The largest study to date to examine the link between vitamin D levels and hypertension indicates that persons with higher levels of the nutrient have lower blood pressure and lower risk for hypertension.

Published online ahead of print in The Lancet Diabetes & Endocrinology by Elina Hyppönen, PhD, and colleagues, the study involved the use of Mendelian randomization to measure vitamin D status and test for an association with blood pressure in more than 150,000 people across Europe and North America. In this approach, single nucleotide polymorphisms (SNPs)—genetic variants that affect vitamin D synthesis—were used as proxy markers for vitamin D.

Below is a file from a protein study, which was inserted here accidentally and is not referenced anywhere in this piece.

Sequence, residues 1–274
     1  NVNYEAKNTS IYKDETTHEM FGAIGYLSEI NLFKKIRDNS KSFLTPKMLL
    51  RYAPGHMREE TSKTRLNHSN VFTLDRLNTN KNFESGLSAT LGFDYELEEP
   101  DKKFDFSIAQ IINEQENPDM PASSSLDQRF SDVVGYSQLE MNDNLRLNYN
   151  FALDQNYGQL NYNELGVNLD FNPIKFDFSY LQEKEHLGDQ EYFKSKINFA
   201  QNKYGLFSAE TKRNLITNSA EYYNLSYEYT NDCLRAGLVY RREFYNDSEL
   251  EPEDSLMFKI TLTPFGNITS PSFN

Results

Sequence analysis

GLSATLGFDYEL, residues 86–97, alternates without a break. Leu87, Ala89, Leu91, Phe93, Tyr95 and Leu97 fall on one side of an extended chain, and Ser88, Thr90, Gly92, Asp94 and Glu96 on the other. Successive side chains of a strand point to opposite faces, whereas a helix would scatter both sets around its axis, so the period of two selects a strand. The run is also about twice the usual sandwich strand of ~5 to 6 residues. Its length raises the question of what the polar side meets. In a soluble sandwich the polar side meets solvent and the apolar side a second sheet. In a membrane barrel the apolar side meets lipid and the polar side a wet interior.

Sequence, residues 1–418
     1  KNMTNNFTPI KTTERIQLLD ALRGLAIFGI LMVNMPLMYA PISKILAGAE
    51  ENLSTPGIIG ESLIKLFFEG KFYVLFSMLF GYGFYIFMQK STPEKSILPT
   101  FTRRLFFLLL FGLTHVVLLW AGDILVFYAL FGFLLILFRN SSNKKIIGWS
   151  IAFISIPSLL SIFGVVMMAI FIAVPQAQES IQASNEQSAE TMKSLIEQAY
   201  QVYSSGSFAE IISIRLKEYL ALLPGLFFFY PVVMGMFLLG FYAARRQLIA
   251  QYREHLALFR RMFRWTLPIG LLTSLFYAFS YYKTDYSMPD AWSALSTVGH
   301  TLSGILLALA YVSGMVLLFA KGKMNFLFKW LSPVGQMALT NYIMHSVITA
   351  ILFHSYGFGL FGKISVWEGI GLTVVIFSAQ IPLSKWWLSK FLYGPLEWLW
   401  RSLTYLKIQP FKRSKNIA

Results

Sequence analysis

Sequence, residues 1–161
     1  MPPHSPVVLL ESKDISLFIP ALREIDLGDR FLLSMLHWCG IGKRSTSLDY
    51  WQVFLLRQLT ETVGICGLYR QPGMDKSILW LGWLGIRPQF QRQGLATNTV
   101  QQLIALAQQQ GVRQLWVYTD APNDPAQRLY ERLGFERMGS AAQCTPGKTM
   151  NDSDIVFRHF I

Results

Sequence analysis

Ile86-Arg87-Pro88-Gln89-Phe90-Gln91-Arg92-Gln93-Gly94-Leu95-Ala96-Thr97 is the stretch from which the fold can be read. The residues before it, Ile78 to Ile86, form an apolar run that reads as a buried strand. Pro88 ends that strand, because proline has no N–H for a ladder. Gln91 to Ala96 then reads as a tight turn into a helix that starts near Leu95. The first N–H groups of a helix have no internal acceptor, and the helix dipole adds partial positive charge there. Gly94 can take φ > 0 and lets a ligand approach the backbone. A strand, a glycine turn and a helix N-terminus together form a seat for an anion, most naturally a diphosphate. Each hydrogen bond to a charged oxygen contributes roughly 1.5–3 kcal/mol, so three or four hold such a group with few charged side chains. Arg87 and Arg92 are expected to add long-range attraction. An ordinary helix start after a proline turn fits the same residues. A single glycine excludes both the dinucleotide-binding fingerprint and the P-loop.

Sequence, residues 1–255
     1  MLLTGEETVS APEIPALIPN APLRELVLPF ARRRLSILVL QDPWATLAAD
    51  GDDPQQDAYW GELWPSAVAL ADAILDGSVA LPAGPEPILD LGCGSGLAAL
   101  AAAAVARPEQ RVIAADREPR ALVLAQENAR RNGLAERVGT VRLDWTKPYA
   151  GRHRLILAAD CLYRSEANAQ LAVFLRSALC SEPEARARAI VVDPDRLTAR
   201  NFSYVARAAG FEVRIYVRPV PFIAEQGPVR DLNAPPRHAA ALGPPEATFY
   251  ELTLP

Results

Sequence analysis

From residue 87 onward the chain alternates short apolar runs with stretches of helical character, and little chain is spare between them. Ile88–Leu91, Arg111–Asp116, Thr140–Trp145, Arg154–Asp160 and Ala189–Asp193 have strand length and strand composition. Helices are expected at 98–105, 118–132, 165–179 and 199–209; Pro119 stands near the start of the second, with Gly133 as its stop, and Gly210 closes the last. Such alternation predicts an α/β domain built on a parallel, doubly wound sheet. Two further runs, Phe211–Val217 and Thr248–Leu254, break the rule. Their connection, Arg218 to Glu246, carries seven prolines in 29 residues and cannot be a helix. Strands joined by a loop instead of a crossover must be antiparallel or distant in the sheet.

Hyppönen’s group learned that every 10% increase in serum 25-hydroxyvitamin D concentration was associated with a 0.24-mmHg decrease in diastolic blood pressure and an 8.1% decrease in the risk for developing hypertension.

The genetic study also included a review of 35 earlier studies that had indicated a similar association. Although previous data had suggested that low levels of vitamin D are linked with increased risk for cardiovascular disease and mortality, a causal association between vitamin D levels and hypertension had not been demonstrated until now.

“In view of the costs and the side effects associated with antihypertensive drugs, the possibility of preventing or reducing hypertension with vitamin D supplementation is very attractive,” the authors wrote.